Floyd school board forced to rework mask policy after voting to not require masks indoors
FLOYD, N.M. — There’s at least one school district in New Mexico that is pushing back against the state’s requirements on mask-wearing.
According to the New Mexico Public Education Department’s latest toolkit, districts must at least have these requirements:
- For elementary schools: All students, staff and volunteers will have to wear masks indoors and on school buses.
- For middle and high schools: Students, staff, and volunteers who are fully vaccinated, and provide that documentation, do not have to wear masks indoors or on buses. Those who are unvaccinated or don’t provide documentation will have to wear a mask.
In Roosevelt County, the school board in Floyd already voted to not require masks indoors. The state’s Public Education Department said it will force the district to comply.
It’s going to be a tense meeting when the school board meets again to take action on COVID safety protocols for the district. Floyd School Board President Leon Nall and the rest of the board voted on protocols last week — before they got the guidelines from the NMPED.
"I don’t think the Department of Education understands what’s going on in rural America," Nall said.
State Rep. James Townsend said he’s been hearing about similar issues all over the state. Townsend and state Rep. Jack Chatfield sent a letter to the education department, responding to what Townsend called "bullying tactics" from NMPED Secretary Ryan Stewart.
"Our intent was to ask the PED to slow down and listen to local school boards," Townsend said.
A letter from Stewart, who is leaving office, stated he respects what the school board is trying to do, but said he can’t allow them to "knowingly put members at risk by ignoring scientific and medical guidelines."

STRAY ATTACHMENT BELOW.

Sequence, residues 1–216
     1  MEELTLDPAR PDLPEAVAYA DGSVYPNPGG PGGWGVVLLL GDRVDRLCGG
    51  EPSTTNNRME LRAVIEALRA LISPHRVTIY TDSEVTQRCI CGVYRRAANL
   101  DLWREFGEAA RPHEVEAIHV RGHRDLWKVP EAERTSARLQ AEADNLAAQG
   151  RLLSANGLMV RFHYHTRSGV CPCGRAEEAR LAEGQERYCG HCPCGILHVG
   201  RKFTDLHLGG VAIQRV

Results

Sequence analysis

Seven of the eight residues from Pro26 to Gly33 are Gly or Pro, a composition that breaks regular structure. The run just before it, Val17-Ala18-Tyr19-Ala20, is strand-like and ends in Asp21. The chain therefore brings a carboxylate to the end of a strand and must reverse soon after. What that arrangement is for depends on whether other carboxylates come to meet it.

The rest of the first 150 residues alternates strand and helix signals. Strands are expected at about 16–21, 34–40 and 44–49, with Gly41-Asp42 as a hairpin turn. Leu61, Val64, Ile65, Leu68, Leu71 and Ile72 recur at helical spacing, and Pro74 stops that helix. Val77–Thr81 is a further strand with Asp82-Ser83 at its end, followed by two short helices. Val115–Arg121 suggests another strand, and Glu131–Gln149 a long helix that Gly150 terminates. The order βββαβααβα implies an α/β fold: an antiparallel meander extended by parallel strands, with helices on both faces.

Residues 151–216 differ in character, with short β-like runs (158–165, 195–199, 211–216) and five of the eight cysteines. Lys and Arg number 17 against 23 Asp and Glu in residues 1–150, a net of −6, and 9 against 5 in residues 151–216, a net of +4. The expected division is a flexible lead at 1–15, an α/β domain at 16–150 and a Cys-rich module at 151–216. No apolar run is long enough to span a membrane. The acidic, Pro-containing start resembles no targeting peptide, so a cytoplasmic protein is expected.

In Floyd, the school board said they just wanted to try something new after 18 months of restrictions that they feel have not worked in their community.
"If anyone feels safer with a mask, we have no objections to them wearing masks," Nall said. "If anyone has a fear of what we are doing, we will make the accomodations."
Those accomodations include virtual learning options for families who want to go that route.
In Floyd, the average class size is about 12 students. The district said last year they saw many students move to nearby Texas districts or private schools. Their guidelines are meant to help attract students back.
The special school board will meet at 7 p.m. Monday. The district has until Aug. 3 to rescind the actions voted on earlier or adopt a course of action that complies with the published health and safety guidelines.
Townsend said the state policy shouldn’t be one-size-fits-all and not everything should hinge on Albuquerque.
However, the COVID numbers in Roosevelt County are worse than in Bernaillo County.
Over about the past two weeks, the case rate and the test positivity rate are higher — and just a third of the county is fully vaccinated. The CDC also ranks Roosevelt County in the highest transmission level category.
The CDC and other infectious disease experts say that masks protect those around the mask-wearer, and are a great tool to prevent the spread in areas with high transmission rates.